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The Eleventh Circuit has ruled that Allstate Insurance company is owed $663,000 in fees arising out of a multitude of false claims that were made by several Florida clinics. The circumstances of the case indicated that hundreds upon hundreds of insurance claims were completely bogus.
The defendants appealed their loss in federal court but lost again at the appellate level. Meanwhile, the doctor named in the case may want to consider retirement.
Florida Health Care Clinic Act
The principal issue to be decided was whether medical director Dr. Sara Vizcay's failure to thoroughly review claims made the clinic-defendants liable under the Florida Health Care Clinic Act and the doctrine of respondeat superior. Under FHCCA, clinic directors are charged with the responsibility of review claims billings in order to ensure accuracy.
But in this particular case, a review of the facts showed that Dr. Vizcay did not systematically review the billings with regularized scrutiny. In fact, it turned out that the Vizcay only reviewed about five bills per month even though about a hundred were being submitted by each clinic. An investigation by Allstate revealed that a good many claims submitted were false.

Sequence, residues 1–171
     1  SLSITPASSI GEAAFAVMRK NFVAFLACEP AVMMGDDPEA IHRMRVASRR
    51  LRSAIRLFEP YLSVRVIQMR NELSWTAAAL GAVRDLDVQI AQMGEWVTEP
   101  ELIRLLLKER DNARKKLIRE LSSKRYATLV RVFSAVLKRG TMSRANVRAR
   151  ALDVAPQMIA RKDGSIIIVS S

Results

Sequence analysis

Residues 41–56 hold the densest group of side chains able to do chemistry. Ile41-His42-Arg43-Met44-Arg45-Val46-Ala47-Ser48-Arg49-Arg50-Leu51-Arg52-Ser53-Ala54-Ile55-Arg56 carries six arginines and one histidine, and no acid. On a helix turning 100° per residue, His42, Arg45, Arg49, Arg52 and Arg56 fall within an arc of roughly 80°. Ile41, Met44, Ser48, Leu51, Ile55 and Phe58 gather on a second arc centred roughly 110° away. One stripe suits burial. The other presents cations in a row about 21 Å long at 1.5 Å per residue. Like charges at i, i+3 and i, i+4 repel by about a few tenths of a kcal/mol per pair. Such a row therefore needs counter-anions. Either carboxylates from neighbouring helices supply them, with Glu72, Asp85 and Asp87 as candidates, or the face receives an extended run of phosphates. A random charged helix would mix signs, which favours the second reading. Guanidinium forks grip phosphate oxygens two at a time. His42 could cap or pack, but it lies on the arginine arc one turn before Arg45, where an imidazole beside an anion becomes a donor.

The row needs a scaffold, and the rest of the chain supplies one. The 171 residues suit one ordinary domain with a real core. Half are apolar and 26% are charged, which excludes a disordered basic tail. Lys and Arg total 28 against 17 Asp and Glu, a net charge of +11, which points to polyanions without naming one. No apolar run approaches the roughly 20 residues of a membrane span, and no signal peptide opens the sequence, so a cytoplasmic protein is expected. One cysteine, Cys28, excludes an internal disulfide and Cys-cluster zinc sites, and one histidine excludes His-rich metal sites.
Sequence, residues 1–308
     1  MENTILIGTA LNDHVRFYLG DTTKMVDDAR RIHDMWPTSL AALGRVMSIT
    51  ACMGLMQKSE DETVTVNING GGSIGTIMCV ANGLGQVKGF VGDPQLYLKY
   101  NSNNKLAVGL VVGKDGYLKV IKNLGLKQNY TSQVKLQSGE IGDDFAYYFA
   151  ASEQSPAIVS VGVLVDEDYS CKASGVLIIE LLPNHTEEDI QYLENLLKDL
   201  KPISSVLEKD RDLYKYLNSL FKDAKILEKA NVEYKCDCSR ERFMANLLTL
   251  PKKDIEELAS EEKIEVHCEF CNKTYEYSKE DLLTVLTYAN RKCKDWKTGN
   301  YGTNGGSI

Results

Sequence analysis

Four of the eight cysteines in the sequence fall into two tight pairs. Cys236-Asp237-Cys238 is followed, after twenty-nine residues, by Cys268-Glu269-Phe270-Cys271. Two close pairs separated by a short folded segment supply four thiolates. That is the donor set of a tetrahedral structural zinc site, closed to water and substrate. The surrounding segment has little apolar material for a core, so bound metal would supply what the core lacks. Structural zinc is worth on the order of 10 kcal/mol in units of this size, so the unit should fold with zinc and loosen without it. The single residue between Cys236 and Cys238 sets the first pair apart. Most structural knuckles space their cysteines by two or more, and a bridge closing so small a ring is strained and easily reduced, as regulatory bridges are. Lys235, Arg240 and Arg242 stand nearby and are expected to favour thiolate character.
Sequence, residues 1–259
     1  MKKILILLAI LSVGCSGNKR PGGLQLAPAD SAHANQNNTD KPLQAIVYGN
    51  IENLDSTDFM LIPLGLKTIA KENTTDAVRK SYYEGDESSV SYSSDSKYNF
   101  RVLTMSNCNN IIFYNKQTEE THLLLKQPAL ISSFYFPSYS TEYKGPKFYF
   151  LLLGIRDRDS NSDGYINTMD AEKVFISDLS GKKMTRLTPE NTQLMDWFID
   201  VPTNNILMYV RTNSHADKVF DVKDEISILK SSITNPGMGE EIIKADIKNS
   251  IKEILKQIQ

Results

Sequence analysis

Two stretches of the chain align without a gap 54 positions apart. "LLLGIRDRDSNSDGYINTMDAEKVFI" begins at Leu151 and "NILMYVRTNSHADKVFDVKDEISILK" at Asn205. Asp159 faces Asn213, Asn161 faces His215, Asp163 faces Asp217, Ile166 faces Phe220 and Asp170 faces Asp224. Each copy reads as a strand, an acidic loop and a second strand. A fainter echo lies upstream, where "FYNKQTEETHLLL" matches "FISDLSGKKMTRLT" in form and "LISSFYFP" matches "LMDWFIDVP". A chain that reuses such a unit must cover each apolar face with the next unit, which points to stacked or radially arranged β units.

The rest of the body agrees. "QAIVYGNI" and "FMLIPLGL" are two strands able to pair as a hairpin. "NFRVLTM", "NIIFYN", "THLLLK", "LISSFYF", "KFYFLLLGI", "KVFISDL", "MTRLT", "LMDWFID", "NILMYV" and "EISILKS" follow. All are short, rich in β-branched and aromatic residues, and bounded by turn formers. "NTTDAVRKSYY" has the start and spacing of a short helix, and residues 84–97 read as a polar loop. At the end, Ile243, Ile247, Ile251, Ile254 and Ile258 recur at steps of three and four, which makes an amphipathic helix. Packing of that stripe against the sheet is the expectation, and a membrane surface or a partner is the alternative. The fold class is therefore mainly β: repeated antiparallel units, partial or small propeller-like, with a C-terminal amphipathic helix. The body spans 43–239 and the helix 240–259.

The jury agreed with Allstate and awarded damages for unjust enrichment for services that were never provided.
Re Respondeat Superior
The authoring circuit judge found it "convenient" that the defendants interpreted FHCCA to mean that the medical director in charge of reviewing the claims could not claim responsibility "on behalf of the clinic." The court rejected this stance by the clinics and called the principal/agent theory a "hornbook" principal of the law. It also rejected the defense's contention that the FHCCA applied a vague notion of "bar minimum" review requirements of directors. "Whatever that minimum is," the court said, "the jury was presented with enough evidence to find that Dr. Vizcay did not come close to satisfying it."